Howland, K.L. “How Digital Technology Is Affecting the Current Teen Generation.” Helium. Helium, 11 Dec. 2010. Web. 23 Apr. 2013. <http://www.helium.com/items/2037094-how-technology-is-changing-teens&gt;.

Kunzru, Hari. “You Are Cyborg.” Wired.com. Conde Nast Digital, n.d. Web. 29 Apr. 2013. <http://www.wired.com/wired/archive/5.02/ffharaway_pr.html&gt;.

Liu, Nathan. “Social Media: Does It Make Us Less Social?” Urban Times RSS. N.p., 17 Dec. 2011. Web. 23 Apr. 2013. <http://urbantimes.co/2011/12/social-media-does-it-make-us-less-social/&gt;.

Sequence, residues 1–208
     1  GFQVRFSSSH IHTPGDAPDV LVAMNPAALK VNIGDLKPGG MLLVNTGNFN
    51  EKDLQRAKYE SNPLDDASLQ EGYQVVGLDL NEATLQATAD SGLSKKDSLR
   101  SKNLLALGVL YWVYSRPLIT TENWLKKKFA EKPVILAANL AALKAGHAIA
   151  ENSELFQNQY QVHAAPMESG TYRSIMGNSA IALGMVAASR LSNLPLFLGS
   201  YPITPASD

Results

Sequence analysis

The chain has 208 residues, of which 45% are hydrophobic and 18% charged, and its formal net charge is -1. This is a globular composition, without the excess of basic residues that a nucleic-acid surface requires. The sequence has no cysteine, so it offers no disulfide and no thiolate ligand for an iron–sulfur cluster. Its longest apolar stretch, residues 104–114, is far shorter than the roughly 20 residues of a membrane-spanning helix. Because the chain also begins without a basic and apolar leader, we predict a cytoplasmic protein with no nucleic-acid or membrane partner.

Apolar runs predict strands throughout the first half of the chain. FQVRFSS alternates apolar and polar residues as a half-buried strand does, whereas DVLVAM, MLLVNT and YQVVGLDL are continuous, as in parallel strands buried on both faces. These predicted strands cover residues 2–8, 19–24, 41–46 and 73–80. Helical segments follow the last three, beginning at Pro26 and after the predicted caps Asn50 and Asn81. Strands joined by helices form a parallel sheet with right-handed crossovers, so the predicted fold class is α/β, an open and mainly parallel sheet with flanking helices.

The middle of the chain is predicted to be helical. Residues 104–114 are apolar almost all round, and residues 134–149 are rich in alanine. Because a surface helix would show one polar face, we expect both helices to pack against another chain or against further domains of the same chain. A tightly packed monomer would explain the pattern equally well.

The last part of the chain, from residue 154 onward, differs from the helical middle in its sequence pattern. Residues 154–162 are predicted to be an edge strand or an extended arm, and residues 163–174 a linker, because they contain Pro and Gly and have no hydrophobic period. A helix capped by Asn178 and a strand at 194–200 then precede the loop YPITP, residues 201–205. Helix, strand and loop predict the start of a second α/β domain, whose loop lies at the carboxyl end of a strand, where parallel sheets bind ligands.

“Traditionalists, Baby Boomers, Generation X, Generation Y (and Generation Z) Working Together.” United Nations Joint Staff Pension Fund. N.p., n.d. Web. 23 Apr. 2013.

Weiss Haserot, Phyllis. “Social Media Influences on Generational Behavior and Vice Versa.” Social Media Influences on Generational Behavior and Vice Versa. N.p., 7 May 2012. Web. 23 Apr. 2013. <http://www.accountingweb.com/topic/human-resources/social-media-influences-generational-behavior-vice-versa&gt;.

Zook, Genevieve. “Technology and the Generation Gap.” Technology and the Generation Gap. N.p., 27 Aug. 2007. Web. 23 Apr. 2013. <http://www.llrx.com/features/generationgap.htm&gt;.